Regional Regime for Human Rights?
In a belated attempt to address human rights issues, ASEAN took up the 1993 Vienna Declaration and Program of Action proposal "to consider the possibility of establishing regional and subregional arrangements for the promotion and protection of human rights" (Thio, 1999: 19). In practice, the ASEAN states chose to establish the less problematic national human rights commissions instead, Malaysia being the latest to have done so after Indonesia, Philippines and Thailand. Because of the political turmoil and transformation in Indonesia, its Human Rights Commission has been forced to play an important role in addressing problems.
The ASEAN foreign ministers in 1998 finally acknowledged its own decision of 1993 to establish an informal non-governmental "Working Group for an ASEAN Human Rights Mechanism". So far, this working group has had a series of workshops, meetings and dialogues with ASEAN officials in 1997, 1998 and 1999 but nothing concrete has emanated from the discussions (Thio, 1999: 22). Thio comments, "At present, ASEAN states maintain an ambiguous stance towards human rights, accepting that they are matters of international concern, although asserting that international standards are to be interpreted and applied as they see fit in accordance with national human rights arrangements but its content to take a back seat in this respect". (p. 30).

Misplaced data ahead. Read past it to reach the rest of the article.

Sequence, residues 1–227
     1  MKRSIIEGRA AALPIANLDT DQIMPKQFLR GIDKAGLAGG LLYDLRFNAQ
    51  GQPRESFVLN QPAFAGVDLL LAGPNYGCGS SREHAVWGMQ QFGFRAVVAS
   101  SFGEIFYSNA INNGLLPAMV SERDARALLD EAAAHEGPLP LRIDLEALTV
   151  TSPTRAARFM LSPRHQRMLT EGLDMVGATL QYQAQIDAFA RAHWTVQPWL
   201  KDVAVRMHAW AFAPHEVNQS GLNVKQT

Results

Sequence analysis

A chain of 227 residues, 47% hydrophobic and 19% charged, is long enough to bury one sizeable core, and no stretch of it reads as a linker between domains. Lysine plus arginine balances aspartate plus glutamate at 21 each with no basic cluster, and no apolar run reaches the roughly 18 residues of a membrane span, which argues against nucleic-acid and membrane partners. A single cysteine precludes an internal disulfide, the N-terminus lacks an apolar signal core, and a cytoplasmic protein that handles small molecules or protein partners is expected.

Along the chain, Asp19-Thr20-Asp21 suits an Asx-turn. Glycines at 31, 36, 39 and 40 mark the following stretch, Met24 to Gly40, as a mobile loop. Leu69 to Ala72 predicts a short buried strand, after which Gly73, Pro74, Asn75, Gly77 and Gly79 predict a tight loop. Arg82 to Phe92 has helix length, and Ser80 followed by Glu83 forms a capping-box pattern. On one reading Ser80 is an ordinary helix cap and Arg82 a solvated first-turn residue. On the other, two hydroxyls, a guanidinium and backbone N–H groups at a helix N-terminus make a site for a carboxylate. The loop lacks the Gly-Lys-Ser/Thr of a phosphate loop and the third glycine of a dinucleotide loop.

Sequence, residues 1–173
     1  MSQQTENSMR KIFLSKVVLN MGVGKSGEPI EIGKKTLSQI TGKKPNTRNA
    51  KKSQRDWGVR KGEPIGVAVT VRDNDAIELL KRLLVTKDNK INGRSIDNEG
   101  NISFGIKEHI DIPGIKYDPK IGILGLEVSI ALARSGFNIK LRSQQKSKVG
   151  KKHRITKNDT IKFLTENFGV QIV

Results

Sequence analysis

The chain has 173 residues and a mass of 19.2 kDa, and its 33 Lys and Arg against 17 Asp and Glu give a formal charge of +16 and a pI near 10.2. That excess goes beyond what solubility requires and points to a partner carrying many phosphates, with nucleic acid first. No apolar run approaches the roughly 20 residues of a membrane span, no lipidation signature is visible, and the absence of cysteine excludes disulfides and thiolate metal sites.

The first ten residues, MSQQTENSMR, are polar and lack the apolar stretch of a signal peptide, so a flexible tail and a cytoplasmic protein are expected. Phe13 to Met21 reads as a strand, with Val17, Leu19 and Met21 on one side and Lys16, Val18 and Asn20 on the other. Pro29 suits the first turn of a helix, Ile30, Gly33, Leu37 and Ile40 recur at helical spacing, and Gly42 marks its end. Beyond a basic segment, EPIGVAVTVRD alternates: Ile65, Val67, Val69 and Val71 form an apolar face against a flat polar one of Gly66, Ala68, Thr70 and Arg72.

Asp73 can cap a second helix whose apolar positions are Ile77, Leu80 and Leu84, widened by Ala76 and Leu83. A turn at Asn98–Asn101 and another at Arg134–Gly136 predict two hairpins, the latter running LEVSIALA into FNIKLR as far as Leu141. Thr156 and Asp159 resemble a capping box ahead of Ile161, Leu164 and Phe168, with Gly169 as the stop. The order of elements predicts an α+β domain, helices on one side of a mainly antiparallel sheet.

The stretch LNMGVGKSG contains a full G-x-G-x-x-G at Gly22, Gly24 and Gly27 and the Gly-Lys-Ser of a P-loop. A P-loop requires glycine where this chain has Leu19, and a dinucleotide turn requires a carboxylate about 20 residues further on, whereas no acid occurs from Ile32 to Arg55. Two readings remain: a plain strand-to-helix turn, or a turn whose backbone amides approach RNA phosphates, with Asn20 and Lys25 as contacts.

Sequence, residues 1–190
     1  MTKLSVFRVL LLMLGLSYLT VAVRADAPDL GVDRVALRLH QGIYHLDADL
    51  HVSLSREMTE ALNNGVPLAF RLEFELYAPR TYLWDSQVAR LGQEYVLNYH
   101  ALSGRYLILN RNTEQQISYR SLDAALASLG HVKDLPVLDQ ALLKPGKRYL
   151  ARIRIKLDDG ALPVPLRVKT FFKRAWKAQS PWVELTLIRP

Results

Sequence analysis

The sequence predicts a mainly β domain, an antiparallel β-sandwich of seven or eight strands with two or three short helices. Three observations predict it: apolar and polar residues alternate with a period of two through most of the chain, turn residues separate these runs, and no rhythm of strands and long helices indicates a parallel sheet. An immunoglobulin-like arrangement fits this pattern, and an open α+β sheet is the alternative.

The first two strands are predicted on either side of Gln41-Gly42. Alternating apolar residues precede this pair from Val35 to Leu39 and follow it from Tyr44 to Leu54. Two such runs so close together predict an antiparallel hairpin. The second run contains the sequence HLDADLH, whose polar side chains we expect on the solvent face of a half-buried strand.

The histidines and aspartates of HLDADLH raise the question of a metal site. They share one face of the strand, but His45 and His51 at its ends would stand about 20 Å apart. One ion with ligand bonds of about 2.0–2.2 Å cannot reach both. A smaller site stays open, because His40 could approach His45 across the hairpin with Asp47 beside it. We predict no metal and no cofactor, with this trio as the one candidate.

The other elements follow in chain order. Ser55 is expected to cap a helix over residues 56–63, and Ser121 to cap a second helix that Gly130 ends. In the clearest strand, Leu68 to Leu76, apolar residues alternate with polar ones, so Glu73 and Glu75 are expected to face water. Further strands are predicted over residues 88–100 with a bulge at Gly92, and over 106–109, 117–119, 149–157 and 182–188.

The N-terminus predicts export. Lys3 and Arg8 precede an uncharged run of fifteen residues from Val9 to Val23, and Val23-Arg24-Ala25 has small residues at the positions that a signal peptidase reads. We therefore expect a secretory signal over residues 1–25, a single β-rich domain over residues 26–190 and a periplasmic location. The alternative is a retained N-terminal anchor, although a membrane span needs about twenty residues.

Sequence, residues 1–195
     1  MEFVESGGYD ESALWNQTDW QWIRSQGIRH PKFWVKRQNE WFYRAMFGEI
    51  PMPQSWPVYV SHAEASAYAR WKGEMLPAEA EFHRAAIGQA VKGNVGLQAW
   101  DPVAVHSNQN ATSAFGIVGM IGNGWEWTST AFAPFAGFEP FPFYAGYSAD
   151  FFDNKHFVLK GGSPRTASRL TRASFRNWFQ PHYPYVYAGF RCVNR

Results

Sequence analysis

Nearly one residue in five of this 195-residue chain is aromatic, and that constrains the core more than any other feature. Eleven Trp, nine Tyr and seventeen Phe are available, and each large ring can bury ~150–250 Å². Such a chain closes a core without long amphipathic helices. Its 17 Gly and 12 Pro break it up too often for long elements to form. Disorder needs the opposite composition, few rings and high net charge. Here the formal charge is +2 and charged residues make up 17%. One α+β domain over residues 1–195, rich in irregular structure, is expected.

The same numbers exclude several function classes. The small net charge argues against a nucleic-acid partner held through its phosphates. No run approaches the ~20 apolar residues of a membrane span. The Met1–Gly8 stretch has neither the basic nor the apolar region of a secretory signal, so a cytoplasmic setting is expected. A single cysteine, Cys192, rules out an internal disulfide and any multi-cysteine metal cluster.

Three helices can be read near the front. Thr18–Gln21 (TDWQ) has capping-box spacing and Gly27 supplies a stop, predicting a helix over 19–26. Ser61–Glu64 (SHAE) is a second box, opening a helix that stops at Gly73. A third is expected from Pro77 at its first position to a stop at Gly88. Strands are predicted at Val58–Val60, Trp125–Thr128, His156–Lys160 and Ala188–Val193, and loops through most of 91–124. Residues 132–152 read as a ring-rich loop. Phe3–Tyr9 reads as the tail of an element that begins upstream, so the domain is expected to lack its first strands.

The failure of most ASEAN states to ratify UN covenants and conventions on human rights is indicative of this lukewarm view of human rights. Only Cambodia, Philippines, Thailand and Vietnam are signatories to the Covenant on Civil and Political Rights while Cambodia, Philippines and Vietnam are signatories to the Convenient on Economic, Social an Cultural Rights. The other ASEAN countries have been prepared only to ratify the less exacting conventions. Furthermore, the attitude shown toward UN Special Rapporteurs investigating matters pertaining to human rights has been far from encouraging.
From the foregoing discussion, our sobering and grim conclusion is that most of the Southeast Asian states have yet to come around to the idea that human rights issues and problems, including the "third generation" issues of the right to security, survival and safe environments and sustainable development, will constitute the most salient new dimensions of human rights in the region. It is likely that Southeast Asian instruments for dealing with human rights issues will remain inadequate and that more global or wider regional --such as Asia-Pacific -- mechanisms and regimes may be employed to address these issues instead. Such a development may further attenuate ASEAN's slide into ineffectualness as a broad regional structure for instituting a regional human rights regime.